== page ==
Tina Brown, who edited some of the world’s top magazines and now runs Newsweek/Daily Beast Co., said author Sheryl Sandberg’s call for women to “lean in” to get decision-making power is too narrowly focused on the workplace.
The phrase should have been “lean on,” to capture a broader view of the key issues facing women as they seek to improve their standing, said Brown, whose resume includes leading Vanity Fair, the New Yorker and Talk. A lack of ownership is one such challenge, she said.
“We talk too much about the fight for the corner office,” she told Bloomberg Television's Stephanie Ruhle in advance of her Women in the World Summit taking place later this week. “We don’t focus on the real needs and wants out there that women don’t own as much as men.
‘‘It’s about ‘leaning on’ more than ‘leaning in’ the powers that be to make sure that real changes get made.”
It was a twist on Sandberg’s highly publicized book, “Lean In: Women, Work, and the Will to Lead,” a personal account of her corporate rise to become chief operating officer of Facebook Inc., doubling as a contemporary feminine manifesto.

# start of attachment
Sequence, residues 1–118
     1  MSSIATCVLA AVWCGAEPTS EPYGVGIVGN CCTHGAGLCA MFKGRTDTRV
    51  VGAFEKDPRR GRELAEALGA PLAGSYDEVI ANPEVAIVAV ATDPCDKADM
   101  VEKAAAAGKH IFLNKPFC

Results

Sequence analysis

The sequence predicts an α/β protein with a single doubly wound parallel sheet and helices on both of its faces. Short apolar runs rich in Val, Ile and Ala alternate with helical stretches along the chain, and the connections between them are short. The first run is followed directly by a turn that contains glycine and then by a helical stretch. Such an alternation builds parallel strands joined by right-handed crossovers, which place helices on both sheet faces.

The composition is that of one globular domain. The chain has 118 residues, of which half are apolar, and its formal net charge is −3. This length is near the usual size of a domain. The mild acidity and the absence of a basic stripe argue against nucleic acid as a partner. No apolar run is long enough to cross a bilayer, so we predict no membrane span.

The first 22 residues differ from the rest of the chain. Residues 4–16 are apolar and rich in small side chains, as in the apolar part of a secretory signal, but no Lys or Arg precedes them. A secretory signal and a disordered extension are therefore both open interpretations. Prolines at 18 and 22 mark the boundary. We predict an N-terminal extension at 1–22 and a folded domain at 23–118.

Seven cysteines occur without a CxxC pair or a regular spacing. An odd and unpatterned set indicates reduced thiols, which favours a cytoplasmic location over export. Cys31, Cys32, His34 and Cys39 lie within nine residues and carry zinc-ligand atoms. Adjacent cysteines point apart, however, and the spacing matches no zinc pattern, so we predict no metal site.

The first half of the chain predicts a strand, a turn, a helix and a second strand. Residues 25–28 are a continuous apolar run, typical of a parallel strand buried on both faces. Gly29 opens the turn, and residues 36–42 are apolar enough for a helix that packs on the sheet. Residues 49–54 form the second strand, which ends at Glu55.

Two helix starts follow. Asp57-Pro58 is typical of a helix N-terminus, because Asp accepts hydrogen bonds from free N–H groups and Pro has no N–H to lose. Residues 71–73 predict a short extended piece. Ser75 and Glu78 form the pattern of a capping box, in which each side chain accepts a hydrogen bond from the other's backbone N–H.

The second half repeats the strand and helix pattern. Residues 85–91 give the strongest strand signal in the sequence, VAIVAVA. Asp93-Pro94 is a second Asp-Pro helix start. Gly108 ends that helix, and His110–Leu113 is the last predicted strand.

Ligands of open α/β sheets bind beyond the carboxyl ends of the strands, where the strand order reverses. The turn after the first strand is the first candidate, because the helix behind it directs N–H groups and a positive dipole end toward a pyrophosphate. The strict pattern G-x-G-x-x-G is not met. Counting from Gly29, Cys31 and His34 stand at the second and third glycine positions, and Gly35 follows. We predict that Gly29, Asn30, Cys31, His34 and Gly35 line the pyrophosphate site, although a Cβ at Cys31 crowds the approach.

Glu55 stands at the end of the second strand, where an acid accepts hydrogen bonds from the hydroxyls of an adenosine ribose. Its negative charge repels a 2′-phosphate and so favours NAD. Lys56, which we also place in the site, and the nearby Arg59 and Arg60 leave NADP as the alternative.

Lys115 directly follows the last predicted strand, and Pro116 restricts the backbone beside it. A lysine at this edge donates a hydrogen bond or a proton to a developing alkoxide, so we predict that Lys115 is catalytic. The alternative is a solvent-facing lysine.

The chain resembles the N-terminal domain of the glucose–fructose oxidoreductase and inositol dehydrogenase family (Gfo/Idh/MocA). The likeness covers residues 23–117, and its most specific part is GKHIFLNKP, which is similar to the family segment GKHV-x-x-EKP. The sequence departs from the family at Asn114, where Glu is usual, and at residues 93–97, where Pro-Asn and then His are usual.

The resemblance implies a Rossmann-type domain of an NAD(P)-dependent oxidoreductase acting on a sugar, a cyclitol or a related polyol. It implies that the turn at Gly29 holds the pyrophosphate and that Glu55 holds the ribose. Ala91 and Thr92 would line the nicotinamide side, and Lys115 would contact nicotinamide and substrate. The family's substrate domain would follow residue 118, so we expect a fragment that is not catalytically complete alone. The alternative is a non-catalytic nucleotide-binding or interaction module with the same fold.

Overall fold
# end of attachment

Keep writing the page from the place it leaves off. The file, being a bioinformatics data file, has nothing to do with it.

“Just basic rights are overlooked,” Brown said, referring to women in war-torn countries such as Afghanistan where women don’t have access to credit, can’t own anything and have to fight for the right to go to school.
Brown said the focus of the Women in the World conference, which she started with fashion designer Diane Von Furstenberg in 2010, was to look at women who “live behind the headlines.”
The event features an lineup of notably powerful women, including former U.S. Secretary of State Hillary Clinton, Oprah Winfrey and U.S. United Nations Ambassador Susan Rice, as well as actresses Meryl Streep and Eva Longoria.
In addition to Newsweek/Daily Beast, which is owned by Barry Diller’s IAC/InterActiveCorp, the conference is supported by the Ford Foundation and the Rockefeller Foundation.